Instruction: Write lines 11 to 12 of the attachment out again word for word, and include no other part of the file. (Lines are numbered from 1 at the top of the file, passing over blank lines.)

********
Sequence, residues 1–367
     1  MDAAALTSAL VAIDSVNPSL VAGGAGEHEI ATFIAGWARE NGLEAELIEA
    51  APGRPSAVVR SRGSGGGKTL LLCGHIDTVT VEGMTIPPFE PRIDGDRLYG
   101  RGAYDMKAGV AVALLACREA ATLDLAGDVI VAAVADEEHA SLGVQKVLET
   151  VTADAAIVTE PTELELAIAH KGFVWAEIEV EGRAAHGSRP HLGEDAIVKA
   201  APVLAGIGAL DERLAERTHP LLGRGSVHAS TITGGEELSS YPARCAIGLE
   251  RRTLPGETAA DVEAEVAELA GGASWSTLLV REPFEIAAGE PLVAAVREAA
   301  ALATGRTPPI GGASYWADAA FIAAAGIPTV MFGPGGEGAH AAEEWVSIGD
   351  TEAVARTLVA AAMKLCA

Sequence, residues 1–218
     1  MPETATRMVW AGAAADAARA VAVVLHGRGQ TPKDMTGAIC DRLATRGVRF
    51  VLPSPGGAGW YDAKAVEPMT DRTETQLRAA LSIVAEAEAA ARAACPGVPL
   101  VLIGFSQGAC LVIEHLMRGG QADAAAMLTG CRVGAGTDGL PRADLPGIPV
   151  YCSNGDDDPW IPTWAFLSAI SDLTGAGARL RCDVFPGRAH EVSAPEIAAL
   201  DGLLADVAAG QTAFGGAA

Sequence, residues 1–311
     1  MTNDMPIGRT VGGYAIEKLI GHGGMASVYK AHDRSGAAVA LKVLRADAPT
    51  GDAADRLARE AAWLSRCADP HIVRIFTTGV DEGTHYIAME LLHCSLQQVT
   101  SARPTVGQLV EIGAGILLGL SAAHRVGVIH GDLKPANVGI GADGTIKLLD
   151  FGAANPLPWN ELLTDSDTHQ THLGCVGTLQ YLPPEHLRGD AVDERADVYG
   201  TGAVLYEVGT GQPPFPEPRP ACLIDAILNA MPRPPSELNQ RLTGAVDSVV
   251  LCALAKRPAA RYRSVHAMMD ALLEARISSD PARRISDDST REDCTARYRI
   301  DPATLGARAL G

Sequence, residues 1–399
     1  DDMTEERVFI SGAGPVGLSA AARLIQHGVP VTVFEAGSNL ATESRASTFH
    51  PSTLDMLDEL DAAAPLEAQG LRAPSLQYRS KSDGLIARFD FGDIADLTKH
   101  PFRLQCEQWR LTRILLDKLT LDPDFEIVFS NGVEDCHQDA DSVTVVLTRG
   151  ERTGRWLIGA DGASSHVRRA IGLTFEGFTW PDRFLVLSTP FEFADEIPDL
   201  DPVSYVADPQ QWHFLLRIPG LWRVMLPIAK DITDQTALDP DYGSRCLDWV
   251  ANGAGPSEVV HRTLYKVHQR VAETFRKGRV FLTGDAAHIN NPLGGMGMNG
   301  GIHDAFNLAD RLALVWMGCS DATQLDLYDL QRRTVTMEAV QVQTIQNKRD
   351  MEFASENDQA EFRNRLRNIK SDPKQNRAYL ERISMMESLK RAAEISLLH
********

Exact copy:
     1  MPETATRMVW AGAAADAARA VAVVLHGRGQ TPKDMTGAIC DRLATRGVRF
    51  VLPSPGGAGW YDAKAVEPMT DRTETQLRAA LSIVAEAEAA ARAACPGVPL